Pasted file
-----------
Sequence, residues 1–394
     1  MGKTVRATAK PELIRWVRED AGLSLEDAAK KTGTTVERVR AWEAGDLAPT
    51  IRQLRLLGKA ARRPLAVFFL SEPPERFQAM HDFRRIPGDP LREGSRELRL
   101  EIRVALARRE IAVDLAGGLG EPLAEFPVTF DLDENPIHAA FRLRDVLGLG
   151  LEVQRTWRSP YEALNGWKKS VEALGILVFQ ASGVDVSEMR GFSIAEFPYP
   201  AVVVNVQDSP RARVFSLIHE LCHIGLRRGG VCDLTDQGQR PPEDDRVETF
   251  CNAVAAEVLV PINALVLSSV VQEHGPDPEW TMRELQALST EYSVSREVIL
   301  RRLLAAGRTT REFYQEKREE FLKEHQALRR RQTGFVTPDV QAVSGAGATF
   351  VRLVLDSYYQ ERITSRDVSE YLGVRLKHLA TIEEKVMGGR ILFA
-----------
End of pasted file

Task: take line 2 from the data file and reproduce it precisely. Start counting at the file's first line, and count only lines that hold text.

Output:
     1  MGKTVRATAK PELIRWVRED AGLSLEDAAK KTGTTVERVR AWEAGDLAPT